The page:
The U.S. Supreme Court on Thursday ruled the U.S. military can prosecute sexual assault offenses committed between 1986 and 2006 under the Uniform Code of Military Justice (UCMJ) because no statute of limitations applies to rapes committed during that time.
Writing for a unanimous court, Justice Samuel Alito’s opinion reverses three prior rulings issued by the U.S. Court of Appeals for the Armed Forces (CAAF) which held that the five-year statute of limitations for prosecuting former service members Michael Briggs, Richard Collins and Humphrey Daniels III had lapsed by the time their prosecutions commenced–setting aside their convictions.
The first two men raped fellow service members. The third man raped a civilian. Each of the three men were convicted of rape by court-martial but had their convictions overturned on appeal.
The issue before the court in the three consolidated cases was how a provision of the UCMJ interacts with Supreme Court precedents that prohibit the death penalty for crimes that don’t result in deaths.
Alito explains the particulars [emphasis in original]:
During the period at issue, Article 120(a) of the UCMJ provided that rape could be “punished by death,” and Article 43(a), which was amended in 1986, provided that an offense “punishable by death” could be tried and punished “at any time without limitation.” The crux of the question before us is the meaning of the phrase “punishable by death” in the latter provision. Respondents contend—and the CAAF held—that the phrase means capable of punishment by death when all applicable law is taken into account.
According to the former service members convicted of rape, the Eighth Amendment’s prohibition against cruel and unusual punishment means the UCMJ cannot sustain the death penalty for rape. Therefore, they argued, the UCMJ’s default five-year statute of limitations should have barred their original prosecutions because they were not prosecuted within five years.
The government, on the other hand, argued that Congress exempted all military crimes punishable by death from being subject to statutes of limitations. Therefore, the government argued, there is no statute of limitations for rapes committed by members of the military.
Relevant to the high court’s inquiry are two Supreme Court cases which previously limited the application of the death penalty: the landmark 1977 decision in Coker v. Georgia and the 2008 decision in Kennedy v. Louisiana.
Alito sums up the arguments [emphasis in original]:
Because this court held in Coker v. Georgia, that the Eighth Amendment forbids a death sentence for the rape of an adult woman, respondents argue that they could not, in fact, have been sentenced to death, and therefore the statute of limitations for their crimes (committed in 1998, 2000, and 2005) was the 5-year statute that generally governed non-capital offenses. By contrast, the government argues that Article 43(a)’s reference to “punishable by death” means capable of punishment by death under the penalty provisions of the UCMJ, and since Article 120(a) provided (despite Coker) that rape could be punished by death, it follows that there was no time limit for filing rape charges against respondents.
“On balance, we find the government’s interpretation more persuasive,” the court determined. “The meaning of a statement often turns on the context in which it is made, and that is no less true of statutory language. And in these cases, context is determinative. The phrase ‘punishable by death’ appears in a statute of limitations provision for prosecutions under the UCMJ.”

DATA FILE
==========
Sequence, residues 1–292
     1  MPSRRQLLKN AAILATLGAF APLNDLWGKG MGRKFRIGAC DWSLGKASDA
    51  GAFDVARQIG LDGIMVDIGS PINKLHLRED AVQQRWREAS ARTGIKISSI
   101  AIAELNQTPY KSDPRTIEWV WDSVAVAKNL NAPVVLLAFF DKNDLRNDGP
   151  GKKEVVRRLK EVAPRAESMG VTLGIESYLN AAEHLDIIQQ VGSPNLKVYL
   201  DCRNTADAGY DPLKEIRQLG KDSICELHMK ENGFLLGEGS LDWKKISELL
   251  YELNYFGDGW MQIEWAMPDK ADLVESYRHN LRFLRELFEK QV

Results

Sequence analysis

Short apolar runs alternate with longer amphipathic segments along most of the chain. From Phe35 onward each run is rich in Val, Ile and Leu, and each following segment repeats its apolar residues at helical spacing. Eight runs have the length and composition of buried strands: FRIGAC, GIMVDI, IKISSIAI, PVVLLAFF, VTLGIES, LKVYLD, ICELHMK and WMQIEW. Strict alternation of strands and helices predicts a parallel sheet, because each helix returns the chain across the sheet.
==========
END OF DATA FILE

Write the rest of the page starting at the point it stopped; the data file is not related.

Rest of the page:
Alito goes on to note that “context weighs heavily in favor of the government” here because the rest of the UCMJ, when read together, supports such a conclusion. The justice explains: “[UCMJ] Article 120’s directive that rape could be ‘punished by death’ is the most natural place to look for Congress’s answer to whether rape was ‘punishable by death’ within the meaning of Article 43(a).”
The court also notes that interests of “clarity” support the government’s position.
“Other things being equal, certainty in statutes of limitations generally serves the interests of all concerned, and that is certainly true with respect to the statute of limitations for rape,” the opinion explains. “For prosecutors handling such cases, it is obviously helpful to know the deadline by which charges must be filed. For persons who know they may be under investigation, a known statute of limitations provides a date after which they may no longer fear arrest and trial. And for rape victims, who often wrestle with the painful decision whether to identify their attackers and press charges, a clear deadline allows them to know by when they must make that choice.”
The former service members’ argument, however, would result in the opposite of clarity for the question presented here–because taking all applicable law into account and applying it to the UCMJ is not a foregone conclusion since Congress has previously determined that military justice is not the same as civilian justice.
Again the decision at length:
If “punishable by death” in Article 43(a) means punishable by death under the penalty provisions of the UCMJ, the rule regarding the latest possible date for commencing a rape prosecution is clear: The prosecution may be brought “at any time without limitation.” By contrast, if “punishable by death” meant punishable by death after all applicable law is taken into account, the deadline for filing rape charges would be unclear. The deadline would depend on the answer to an unresolved constitutional question about which the parties in these cases vigorously disagree.
[image via Samuel Corum/Getty Images]
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